by Kevon Browne
St. Kitts and Nevis (WINN): Since November 22, 2014, Citizens who travel using a St. Kitts and Nevis passport required a visa to enter Canada because of what was considered national security concerns during that time.
In a release from the High Commission of Canada in Barbados, St. Kitts and Nevis have now been added to the electronic travel authorisation (eTA) program.
What does that mean?
According to the statement, “Citizens from St. Kitts and Nevis who have either held a Canadian visa in the last ten years or hold a valid United States non-immigrant visa can now apply for an eTA instead of a visa when travelling to Canada by air.”
Travellers from St. Kitts and Nevis can now visit Canada for up to six months for either business or leisure, easing travel, tourism and international business between the countries.
“Individuals who already have a valid visa can continue to use it to travel to Canada. Those who are not eligible for an eTA or who are travelling to Canada by means other than air (for example, by car, bus, train, and boat—including by cruise ship) will still need a visitor visa.”
Sean Fraser, Minister of Immigration, Refugees and Citizenship, during a press briefing on June 6, said the eTA is valid for five years or if the users’ passport expires before five years. The Immigration Minister outlined the countries that will benefit from the program.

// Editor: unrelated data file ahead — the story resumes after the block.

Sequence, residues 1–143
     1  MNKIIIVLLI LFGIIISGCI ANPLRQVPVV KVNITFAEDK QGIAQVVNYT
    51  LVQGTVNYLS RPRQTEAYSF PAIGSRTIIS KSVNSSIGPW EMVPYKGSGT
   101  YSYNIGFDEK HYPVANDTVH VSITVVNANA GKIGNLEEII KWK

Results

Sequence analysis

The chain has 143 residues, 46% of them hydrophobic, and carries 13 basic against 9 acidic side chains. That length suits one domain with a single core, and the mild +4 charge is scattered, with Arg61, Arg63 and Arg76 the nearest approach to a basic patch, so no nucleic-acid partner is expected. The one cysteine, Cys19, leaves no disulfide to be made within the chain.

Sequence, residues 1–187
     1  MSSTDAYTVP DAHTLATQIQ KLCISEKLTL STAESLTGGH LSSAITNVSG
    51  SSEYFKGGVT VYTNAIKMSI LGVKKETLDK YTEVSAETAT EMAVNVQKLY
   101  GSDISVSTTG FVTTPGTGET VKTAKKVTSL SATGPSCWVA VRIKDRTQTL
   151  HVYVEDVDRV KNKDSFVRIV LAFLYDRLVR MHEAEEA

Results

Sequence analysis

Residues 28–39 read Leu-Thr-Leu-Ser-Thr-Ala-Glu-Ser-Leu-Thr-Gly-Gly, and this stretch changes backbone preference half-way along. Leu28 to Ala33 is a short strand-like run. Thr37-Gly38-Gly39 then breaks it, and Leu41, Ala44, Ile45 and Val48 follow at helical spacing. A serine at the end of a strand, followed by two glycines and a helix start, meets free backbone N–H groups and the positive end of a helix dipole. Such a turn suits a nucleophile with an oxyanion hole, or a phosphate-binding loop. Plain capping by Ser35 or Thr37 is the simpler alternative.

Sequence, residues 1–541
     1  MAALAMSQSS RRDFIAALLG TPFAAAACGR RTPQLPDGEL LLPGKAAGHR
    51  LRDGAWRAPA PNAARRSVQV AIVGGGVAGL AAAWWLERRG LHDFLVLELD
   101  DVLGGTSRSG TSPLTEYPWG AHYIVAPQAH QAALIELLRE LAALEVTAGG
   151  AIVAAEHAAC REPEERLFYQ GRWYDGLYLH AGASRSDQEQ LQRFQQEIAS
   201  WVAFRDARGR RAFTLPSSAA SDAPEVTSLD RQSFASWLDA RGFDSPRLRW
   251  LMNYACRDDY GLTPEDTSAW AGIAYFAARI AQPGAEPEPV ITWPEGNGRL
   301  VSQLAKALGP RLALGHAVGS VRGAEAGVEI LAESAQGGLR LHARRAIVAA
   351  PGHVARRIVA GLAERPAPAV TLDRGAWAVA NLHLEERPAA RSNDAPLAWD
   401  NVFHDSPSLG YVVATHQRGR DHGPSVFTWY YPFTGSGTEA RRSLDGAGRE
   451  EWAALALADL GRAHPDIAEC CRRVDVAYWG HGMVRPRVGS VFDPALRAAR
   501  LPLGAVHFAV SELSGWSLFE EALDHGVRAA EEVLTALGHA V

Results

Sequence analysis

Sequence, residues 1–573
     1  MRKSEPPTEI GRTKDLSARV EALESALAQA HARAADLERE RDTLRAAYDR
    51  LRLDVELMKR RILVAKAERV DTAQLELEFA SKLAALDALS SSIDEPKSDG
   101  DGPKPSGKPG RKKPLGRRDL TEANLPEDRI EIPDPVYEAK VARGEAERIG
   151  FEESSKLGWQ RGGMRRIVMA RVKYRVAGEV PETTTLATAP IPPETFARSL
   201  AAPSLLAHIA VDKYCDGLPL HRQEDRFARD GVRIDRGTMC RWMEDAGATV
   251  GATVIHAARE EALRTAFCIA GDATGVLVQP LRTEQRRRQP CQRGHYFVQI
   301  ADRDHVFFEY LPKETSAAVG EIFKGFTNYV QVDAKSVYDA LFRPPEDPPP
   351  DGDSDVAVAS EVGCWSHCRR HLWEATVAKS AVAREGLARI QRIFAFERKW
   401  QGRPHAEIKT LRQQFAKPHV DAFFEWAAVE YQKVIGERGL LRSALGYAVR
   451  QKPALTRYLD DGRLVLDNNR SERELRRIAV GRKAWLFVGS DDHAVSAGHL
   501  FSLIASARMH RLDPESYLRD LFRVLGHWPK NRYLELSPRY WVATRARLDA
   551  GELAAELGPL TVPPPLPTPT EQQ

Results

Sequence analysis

“These countries include; Antigua and Barbuda, Argentina, Costa Rica, Morocco, Panama, Philippines, St. Kitts and Nevis, St. Lucia, St. Vincent and the Grenadines, Seychelles, Thailand, Trinidad and Tobago, and Uruguay.”
Minister Frazer explained that the process for considering the countries was extensive.
“It involves a rigorous assessment process where our department officials consider a range of different factors to consider which countries are going to be eligible. Things like the rate of asylum claims, things like anticipated travel, [and] whether there are strategic economic opportunities. Of course, that doesn’t happen overnight. It requires engagement on the ground between officials with the Government of Canada and with governments of other countries who will benefit from the new policy. So now that we ran a pilot in 2017, it took a couple of years to really see the effect of that, we got to work doing the assessment process, and the assessment was ready for this program to be in effect as of today. We look forward, for the next round, to assessing additional countries which will take part over the next number of years. But my expectation is that this is going to be the path forward, and so long as other countries can meet the same benchmark that those listed today do, I will be looking for opportunities to further expand the program in the years ahead.”
The eTA is a digital travel document, costs seven Canadian dollars, and is similar to the entry form travellers must fill in when coming into the Federation.
The application allows Canadian officials to conduct light-touch, pre-travel screening of air travellers and is approved automatically within minutes.
Travellers need a valid passport, a credit card, an email address and access to the Internet to apply for the eTA.
St. Kitts and Nevis joins 13 other countries whose citizens can now benefit from visa-free travel.